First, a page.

Waynesville

Waynesville has more galleries per capita than Asheville. BPR Arts & Culture Producer Matt Peiken captured a view from Waynesville's Main Street, meeting artists and gallery owners along the city's monthly visual arts showcase "Art After Dark."

Funny Business In The Mountains Sees Growth

Nov 6, 2017
NPR.org

As long as there’s a stage, there’s really no telling where a comic can be found—even in areas like Western North Carolina—where local talent has flourishes, and local business captures part of a $300 million industry. BPR'S Davin Eldridge takes a look at the comedy scene of the mountains. 

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Mountain Towns Split On How They Will 'Do Brunch'

Oct 26, 2017
NPR.org

North Carolina’s so-called ‘Brunch Bill’ gives local governments the option of allowing alcohol sales as early as 10 a.m. on Sundays, instead of the usual time of noon.  Hendersonville and Asheville quickly adopted the law. But to the west, there’s still plenty of debate about the bill in some communities. BPR’s Davin Eldridge reports on the contentious new bill and it's status within the region--examining which side of the issue each town is now on--and how a period of only two hours each week can differ so much between them as a result.

Davin Eldridge

In the age of the internet the future of the American department store has grown increasingly uncertain.

Earlier this year, Toys "R" Us—a company with nearly 900 stores across the country— filed for bankruptcy. Kmart and Sears underwent another round of store closings—from nearly 1,600 last year, to just over 1,200 this year.

Whenever these so-called “big box” stores close, it can often stifle development in the communities they once served, and hurt the bottom line of nearby small businesses. BPR’s Davin Eldridge takes a look at the little-known phenomenon of “ghost box stores”, and how these stores impact Western North Carolina in their own small way.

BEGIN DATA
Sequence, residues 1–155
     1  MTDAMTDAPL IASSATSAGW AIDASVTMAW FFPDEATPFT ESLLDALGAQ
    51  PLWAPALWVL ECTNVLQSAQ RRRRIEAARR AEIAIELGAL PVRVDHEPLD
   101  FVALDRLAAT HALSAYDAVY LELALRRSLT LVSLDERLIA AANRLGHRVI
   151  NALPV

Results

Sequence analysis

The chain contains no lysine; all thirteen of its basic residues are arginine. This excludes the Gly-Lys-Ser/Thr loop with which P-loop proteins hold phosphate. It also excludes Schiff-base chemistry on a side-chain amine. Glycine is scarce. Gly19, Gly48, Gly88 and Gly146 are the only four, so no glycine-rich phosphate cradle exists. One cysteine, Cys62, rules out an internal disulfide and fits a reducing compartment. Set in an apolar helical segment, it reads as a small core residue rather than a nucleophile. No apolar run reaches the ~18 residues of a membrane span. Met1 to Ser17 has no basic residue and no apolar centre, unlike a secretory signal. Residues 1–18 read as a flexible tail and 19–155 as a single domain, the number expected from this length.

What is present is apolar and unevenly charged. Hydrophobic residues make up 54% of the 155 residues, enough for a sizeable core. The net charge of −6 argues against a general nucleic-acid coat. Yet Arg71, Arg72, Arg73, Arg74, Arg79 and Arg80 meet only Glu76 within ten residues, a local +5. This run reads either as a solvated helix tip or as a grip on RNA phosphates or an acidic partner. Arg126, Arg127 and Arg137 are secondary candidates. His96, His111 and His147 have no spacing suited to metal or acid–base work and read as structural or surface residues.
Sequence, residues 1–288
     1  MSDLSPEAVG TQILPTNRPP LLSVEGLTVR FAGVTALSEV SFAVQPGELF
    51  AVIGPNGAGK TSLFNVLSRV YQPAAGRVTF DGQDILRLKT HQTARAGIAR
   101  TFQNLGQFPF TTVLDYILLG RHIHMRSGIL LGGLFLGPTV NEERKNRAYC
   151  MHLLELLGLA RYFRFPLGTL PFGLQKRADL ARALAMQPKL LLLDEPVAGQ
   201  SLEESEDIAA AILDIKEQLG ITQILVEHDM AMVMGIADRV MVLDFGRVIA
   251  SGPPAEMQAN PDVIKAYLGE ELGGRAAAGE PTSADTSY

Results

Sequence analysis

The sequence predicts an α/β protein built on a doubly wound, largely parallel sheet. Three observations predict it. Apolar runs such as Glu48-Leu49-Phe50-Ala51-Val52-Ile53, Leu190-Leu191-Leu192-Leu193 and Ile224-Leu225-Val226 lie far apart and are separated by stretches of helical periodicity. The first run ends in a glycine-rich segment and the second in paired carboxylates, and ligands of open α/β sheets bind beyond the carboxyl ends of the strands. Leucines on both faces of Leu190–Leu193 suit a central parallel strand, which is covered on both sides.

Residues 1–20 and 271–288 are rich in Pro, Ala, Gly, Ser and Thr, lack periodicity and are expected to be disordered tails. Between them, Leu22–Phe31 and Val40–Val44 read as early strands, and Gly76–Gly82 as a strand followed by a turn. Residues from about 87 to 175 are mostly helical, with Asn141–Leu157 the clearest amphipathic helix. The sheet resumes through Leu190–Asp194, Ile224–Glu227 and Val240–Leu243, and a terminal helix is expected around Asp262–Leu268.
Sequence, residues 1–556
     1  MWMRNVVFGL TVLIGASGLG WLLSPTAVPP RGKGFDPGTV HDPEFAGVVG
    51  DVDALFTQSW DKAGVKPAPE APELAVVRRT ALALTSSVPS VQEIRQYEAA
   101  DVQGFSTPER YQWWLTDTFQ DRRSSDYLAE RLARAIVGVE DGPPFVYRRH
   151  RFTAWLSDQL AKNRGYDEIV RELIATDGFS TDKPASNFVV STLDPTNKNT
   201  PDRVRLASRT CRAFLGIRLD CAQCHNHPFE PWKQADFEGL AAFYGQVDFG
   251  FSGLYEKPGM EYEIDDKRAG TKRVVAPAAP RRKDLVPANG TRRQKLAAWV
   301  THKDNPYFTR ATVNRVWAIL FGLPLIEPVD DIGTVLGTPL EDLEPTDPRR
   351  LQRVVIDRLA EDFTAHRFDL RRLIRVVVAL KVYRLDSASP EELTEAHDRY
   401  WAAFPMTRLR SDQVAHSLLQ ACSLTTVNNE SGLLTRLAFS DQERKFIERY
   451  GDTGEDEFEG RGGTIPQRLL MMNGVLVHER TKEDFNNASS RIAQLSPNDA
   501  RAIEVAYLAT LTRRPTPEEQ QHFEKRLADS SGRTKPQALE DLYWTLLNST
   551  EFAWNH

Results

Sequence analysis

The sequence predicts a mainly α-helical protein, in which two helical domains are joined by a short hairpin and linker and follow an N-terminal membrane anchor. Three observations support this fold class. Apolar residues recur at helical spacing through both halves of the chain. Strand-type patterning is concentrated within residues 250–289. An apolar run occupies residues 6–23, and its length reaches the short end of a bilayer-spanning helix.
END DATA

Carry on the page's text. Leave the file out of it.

NCSU Mountain Research Station

Hemp, Hops and Truffles – sounds like an ingredient list for a new craft beer  All three are being studied as potential alternative cash crops here in Western North Carolina.  BPR's Helen Chickering takes us on a field trip to the  Mountain Research Station in Waynesville. 

Corey Vaillancourt Smoky Mountain News

North Carolina is home to around 100 monuments to the Confederacy.  Governor Roy Cooper says all should come down in the wake of the death of a woman who was counter protesting a white supremacist march in Charlottesville, Virginia.  But a 2-year-old state law prohibits local governments from removing the monuments without state approval, keeping many of them in place for t

The 34th annual Folkmoot Festival gets underway Thursday in Waynesville and runs until July 30th.  What started more than three decades ago as a showcase for folk dancing has transformed into a 'meeting of people' designed 'to build global relationships, foster cultural understanding and develop community prosperity.'  Smoky Mountain News reporter Corey Vaillancourt joined BPR's Matt Bush to discuss the festival's history and evolving mission, as well as what to expect at this year's gathering.

Matt Bush WCQS

Federal funding could soon be coming to eight different projects in western North Carolina after governor Roy Cooper recommended each receive money.

Matt Bush WQCS

Efforts to speed up wireless internet service throughout western North Carolina are speeding up themselves, thanks to a six-city partnership.

Wifi has rapidly speed up throughout the region in the last decade, but Bill Sederburg says it’s time for the next step.  The coordinator of the West Next Generation Network says that is “gigabit” internet service.

“It means much faster downloads for video.  It means the ability for hospitals to have branch campuses (that can) access to MRI and X-ray images and stuff like that”, according to Sederburg.

Haywood County Schools

The Haywood County School board has voted to close Central Elementary School in Waynesville on a 6-to-2 vote.  Board Chairman Chuck Francis, who as Chair did not vote, called it a "heartbreaking decision," and a day he hoped would never come.  He cited funding cuts and declining enrollment, partly due to the opening of a charter school nearby, as reasons for the action.  He spoke with WCQS's Jeremy Loeb. 

Central Elementary Principal Jean Ann Yates e-mailed a statement to WCQS: 

In Their Words: Rep. Joe Sam Queen

Apr 14, 2015
blueridgeheritage.com

We’ve been hearing from area lawmakers over the past week.  Many were home last week for their version of spring break and that gave us a chance to speak with many of them.  Today we hear from Joe Sam Queen.  He’s a Democrat representing Haywood, Jackson, and Swain counties in the state House. 

Area Democrats are not backing down on their call for the state to expand Medicaid, something the Republican-led General Assembly has refused to do.   Queen says North Carolinians are already footing the bill.